AMAGI AH MAH GEE (N N F) (Equal emphasis. Hard "G".) Mountain on Izu Peninsula.
KATSURAGI KAHT SOO RAH GEE (N N N N) (Equal emphasis. Hard "G".) Mountain bordering Osaka and Nara.
KONGO KONG GO (N N) Mountain bordering Osaka and Nara meaning diamond-hard and unbreakable-the hardest metal.
HIEI HEE AY (N N) ("El" is pronounced as a hard letter "A".) Mountain northeast of Kyoto City.
HARUNA HAH ROO NAH (F N N) (Equal emphasis.) A hot springs mountain in Gumma Prefecture.
KlRlSHlMA KEE REE SHE MAH (N N N N) Mountain in Kagoshima Prefecture.
FUSO WHO SSO (F F) (The "F" is pronounced as an "H". The Japanese do not bite their lips when speaking, I'm told.) Ancient Chinese name for Japan.
YAMASHIRO YAH MAH SHE RO (N N N N) (Equal emphasis on "YAMA".) The area surrounding Kyoto City.
HYUGA HEE YOU GAH (N N F) Miyozaki area in northeast Kyushu City.
ISE EE SAY (F F) An area in Mie Prefecture, central Honshu, noted as the location of the Emperor's ancestor's shrine.
NAGATO NAH GAH TOE (N N N) Yamaguchi Prefecture at the southern tip of Honshu.
MUTSU MOOT SEH (N F) ("SU" is pronounced as the last sound of "Tecumseh".) Aomori and lwate Prefectures.
YAMATO YAH MAH TOE (N N N) Ancient name for Japan.
MUSASHI MOO SAH SHEE (N N N) Tokyo and vicinity.
KAKO KAH KO (F F) River in Hyogo Prefecture.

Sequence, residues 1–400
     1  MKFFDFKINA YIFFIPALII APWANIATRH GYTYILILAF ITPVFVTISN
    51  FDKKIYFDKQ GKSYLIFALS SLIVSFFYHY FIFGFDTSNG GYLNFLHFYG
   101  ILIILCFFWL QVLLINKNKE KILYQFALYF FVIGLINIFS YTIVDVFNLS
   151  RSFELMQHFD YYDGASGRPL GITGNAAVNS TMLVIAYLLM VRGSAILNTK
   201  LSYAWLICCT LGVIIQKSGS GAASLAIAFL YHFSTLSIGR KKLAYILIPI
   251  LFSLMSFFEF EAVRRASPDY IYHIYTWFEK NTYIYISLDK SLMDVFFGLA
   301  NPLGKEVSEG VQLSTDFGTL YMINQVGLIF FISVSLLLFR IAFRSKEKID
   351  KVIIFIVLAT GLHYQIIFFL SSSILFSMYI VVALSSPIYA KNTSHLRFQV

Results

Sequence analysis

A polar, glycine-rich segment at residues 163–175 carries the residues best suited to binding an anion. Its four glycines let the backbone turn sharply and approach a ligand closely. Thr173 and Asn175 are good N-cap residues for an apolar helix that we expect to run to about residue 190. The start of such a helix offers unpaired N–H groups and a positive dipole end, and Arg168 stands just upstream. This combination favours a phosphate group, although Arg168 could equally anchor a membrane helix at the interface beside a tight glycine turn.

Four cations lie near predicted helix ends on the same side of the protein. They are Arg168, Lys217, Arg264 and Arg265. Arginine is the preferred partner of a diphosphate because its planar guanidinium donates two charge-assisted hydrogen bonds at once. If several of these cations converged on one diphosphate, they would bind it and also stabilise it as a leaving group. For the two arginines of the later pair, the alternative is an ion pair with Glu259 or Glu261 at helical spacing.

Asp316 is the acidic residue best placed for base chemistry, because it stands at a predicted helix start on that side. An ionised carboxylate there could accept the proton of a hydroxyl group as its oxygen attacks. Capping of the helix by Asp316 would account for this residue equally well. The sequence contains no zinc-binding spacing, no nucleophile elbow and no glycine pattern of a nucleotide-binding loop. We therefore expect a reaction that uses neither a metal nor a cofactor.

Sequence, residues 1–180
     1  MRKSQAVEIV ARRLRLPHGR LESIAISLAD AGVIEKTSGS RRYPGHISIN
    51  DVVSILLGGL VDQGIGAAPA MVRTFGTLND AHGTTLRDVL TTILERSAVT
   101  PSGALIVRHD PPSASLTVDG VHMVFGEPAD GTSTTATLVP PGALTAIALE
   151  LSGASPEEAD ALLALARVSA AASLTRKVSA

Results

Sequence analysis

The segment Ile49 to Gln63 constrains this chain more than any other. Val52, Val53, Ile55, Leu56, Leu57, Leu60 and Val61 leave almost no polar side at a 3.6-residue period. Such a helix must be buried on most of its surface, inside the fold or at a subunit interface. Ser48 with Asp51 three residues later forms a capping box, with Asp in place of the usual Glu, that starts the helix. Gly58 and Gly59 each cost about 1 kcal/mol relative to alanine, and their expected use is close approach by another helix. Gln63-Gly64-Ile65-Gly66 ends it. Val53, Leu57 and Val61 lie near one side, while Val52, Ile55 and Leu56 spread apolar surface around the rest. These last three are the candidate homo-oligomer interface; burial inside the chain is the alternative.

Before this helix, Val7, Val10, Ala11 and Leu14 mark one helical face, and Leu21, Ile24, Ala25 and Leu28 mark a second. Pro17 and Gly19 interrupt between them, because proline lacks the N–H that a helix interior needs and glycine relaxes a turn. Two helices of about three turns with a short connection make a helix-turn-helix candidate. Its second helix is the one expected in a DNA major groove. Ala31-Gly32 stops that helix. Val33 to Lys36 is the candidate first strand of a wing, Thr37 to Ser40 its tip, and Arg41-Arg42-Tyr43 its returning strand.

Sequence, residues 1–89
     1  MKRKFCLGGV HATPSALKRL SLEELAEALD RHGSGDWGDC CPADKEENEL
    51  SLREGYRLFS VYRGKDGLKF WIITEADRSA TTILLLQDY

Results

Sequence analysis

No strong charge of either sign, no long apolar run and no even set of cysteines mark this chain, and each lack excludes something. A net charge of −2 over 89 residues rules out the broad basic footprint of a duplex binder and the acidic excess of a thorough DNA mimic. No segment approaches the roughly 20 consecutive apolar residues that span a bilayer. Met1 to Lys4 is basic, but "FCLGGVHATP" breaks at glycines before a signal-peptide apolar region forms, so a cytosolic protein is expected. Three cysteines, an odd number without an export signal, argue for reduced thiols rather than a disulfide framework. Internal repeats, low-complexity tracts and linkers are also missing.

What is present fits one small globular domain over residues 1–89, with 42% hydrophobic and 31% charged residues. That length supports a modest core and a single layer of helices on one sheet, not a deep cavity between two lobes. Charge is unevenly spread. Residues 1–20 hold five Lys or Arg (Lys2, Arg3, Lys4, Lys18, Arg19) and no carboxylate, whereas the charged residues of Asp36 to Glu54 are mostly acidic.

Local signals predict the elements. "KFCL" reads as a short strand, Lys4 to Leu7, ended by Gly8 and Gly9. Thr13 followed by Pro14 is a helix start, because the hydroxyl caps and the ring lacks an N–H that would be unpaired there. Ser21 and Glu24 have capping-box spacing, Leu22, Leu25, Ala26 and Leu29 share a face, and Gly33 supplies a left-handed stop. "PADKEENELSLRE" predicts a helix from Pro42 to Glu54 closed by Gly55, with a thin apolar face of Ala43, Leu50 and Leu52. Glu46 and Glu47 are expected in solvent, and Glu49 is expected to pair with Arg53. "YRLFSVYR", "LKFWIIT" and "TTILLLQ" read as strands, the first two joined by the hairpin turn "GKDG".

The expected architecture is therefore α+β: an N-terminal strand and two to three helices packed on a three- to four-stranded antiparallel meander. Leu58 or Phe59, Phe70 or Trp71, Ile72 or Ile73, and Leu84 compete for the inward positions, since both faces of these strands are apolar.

FURUTAKA WHO ROO TAH KAH (N N N N) (Equal emphasis.) Old Hawk.
KINUGASA KEE NOO GAH SAH (N N N F) (Equal emphasis.) Mountain north of Kyoto City.
AOBA AH OH BAH (N N N) (Equal emphasis.) A castle in Sendai City.
MYOKO MEEOH KO (N S) Mountain in Niigata Prefecture.
NACHl NAH CHEE (N N) Mountain in Wakayama Prefecture.
HAGURO HAH GOO RO (F N N) Mountain in Yamagata Prefecture.
ASHIGARA AH SHEE GAH RAH (N N F F) Mountain in Kagagawa Prefecture.
TAKAO TAH KAH OH (N N N) (Equal emphasis.) A hill in Kyoto City.
ATAGO AH TAH GO (N N N) Another hill in Kyoto City.
CHOKAI CHO KHAI (S N) Mountain in Yamagata Prefecture.
MAYA MY YAH (N N) (Equal emphasis.) Mountain near Kobe City. Also the name of Buddha's mother.
MOGAMI MO GAH MEE (N N N) River in Yamagata Prefecture.
MIKUMA MEE KOO MAH (N N N) (Origin unknown.)
SUZUYA SOO SSOO YAH (F N N) (Prounounce the "Z" as a hissed "S".) Bell Valley.
KUMANO KOO MAH NO (N N N) (Equal emphasis.) River in Wakayama Prefecture.
TONE TOE NAY (N F) River in Kanti area.
CHIKUMA CHEE KOO MAH (F N N) River in Kyushu.
KlTAKAMI KEE TAH GAH MEE (N N N F) (Pronounce the second "K" as a hard "G".) River in lwate and Miyagi Prefectures.
OI OH EE (S N) River in Shizuoka Prefecture.
SPECIAL NAVAL LANDING FORCES
YOKOSUKA YO KOSS KAH (N N F) (The "U" is silent.)
KURE KOO RAY (N N)
SASEBO SAH SAY BO (N N F)
SUBMARINES: There were three categories of submarines: I, RO, and HA corresponding to the first three letters of our alphabet. Pronounce EE, ROW, and HAH.